When I was a little girl, this shoe sat in the curio cabinet in my grandparents’ living room. It is a hand-carved, child’s wooden shoe from Holland.
During the Second World War, my Grandpa was part of the Canadian Army. After first serving in Italy, his division was transferred to Holland. While in Holland, he was billeted with a Dutch family in their home.
When it came time for my grandfather to return to his own family in Canada, the family who had housed him wanted to express their gratitude. The father took his daughter’s wooden shoe, painted it with messages for my Grandpa and presented it to him.
Painted on the shoe is “Siddeburen,” the name of the town in which they lived, “souvenier,” “good by [sic], so long,” and “MEI 1945” (May, the month Holland was liberated by the Canadians).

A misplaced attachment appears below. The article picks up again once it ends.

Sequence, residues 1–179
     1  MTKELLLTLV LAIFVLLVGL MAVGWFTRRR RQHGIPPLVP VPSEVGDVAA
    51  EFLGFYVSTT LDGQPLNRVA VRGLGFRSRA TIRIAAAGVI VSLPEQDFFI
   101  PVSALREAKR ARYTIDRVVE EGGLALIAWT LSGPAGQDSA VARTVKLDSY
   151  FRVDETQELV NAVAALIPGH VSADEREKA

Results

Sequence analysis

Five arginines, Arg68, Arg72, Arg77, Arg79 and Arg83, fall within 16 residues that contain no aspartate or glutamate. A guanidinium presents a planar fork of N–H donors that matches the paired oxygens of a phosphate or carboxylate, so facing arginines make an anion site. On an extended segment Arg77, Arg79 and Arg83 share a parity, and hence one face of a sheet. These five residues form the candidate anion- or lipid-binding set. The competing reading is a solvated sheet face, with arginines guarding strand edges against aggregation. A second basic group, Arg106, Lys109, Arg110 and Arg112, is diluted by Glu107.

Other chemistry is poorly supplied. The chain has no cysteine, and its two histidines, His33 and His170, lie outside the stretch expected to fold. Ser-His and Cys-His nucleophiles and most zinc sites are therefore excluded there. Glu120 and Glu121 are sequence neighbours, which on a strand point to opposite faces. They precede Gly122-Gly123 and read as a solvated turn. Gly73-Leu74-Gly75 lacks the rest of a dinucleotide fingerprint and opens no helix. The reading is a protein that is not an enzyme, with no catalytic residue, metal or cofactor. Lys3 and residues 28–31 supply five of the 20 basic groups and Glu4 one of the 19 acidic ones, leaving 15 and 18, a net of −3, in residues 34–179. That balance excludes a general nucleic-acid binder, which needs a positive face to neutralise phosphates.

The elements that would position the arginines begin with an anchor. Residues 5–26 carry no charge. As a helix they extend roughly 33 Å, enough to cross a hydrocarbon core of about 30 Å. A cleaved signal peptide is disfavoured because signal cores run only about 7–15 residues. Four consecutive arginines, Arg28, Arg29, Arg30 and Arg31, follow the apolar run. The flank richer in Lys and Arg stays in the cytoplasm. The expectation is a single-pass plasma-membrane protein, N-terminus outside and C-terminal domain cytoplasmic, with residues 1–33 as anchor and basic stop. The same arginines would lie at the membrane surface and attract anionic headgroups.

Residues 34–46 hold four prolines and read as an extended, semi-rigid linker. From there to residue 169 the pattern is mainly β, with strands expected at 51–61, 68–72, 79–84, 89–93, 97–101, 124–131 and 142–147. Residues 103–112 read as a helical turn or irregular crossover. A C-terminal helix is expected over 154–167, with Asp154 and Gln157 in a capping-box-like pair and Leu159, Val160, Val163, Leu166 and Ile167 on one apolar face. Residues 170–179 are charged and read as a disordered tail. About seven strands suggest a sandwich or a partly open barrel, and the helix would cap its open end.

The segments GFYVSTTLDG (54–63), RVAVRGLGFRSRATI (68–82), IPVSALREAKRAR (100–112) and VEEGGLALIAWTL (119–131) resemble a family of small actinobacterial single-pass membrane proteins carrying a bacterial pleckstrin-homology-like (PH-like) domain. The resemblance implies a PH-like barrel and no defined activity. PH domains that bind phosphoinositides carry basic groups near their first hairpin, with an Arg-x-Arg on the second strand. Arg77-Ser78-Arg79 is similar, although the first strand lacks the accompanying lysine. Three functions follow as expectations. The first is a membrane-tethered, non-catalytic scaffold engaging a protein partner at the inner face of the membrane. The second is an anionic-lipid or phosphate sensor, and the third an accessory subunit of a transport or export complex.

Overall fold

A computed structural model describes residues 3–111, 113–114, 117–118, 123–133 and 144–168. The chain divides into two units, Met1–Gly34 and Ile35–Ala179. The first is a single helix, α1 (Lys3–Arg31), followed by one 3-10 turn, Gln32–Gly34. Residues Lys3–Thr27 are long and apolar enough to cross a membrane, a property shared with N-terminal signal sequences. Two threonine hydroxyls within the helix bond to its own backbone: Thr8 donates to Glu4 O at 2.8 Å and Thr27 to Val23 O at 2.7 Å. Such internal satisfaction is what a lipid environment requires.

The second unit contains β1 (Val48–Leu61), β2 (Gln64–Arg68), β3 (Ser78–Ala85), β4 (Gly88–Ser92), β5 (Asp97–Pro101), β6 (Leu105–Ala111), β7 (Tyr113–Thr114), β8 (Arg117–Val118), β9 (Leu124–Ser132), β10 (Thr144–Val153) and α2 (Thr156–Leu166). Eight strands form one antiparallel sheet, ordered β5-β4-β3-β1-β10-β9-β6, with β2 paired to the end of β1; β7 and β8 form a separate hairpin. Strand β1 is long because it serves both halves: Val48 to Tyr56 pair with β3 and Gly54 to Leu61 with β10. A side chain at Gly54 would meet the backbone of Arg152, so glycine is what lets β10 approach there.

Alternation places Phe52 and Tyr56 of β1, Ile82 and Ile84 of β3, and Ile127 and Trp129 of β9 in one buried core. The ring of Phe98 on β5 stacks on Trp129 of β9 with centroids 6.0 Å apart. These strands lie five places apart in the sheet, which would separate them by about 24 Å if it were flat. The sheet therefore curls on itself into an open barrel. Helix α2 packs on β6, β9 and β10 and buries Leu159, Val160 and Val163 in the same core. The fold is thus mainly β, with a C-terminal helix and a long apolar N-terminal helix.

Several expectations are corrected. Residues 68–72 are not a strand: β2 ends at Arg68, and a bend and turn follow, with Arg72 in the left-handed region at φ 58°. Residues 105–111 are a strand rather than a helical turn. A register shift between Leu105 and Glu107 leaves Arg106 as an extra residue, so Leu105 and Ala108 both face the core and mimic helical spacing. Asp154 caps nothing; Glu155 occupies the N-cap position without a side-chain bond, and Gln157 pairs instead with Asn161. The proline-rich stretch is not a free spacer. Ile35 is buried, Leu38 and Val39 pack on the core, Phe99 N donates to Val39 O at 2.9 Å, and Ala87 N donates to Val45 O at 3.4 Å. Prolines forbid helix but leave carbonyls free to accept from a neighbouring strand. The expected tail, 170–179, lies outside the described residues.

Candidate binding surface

For many decades after the war, my grandparents stayed in touch with the family, sending letters and cards back and forth over the Atlantic. The gratitude the Dutch people have for the Canadians was made tangible by my family’s connection to this one family.
Remembrance Day is a very meaningful day for me. In addition to marking the end of World War I and an occasion to remember the service and sacrifice of veterans as well as current soldiers, it is also my Grandpa’s birthday.
A note on the back of this photo in my Grandma’s handwriting says this picture was taken at Avellino, Italy Dec. 29, 1944.
This Sunday on Remembrance Day, I will be thinking of my Grandpa as I stand at the Legion with my family.
The wooden shoe now resides with my Aunt. My grandfather’s medals are with my Dad. Every time I visit, I look at these items and remember.
It is my hope that as Matt and I work on our forever house, we can fill it with meaningful items that show the legacy and tell the story of our families.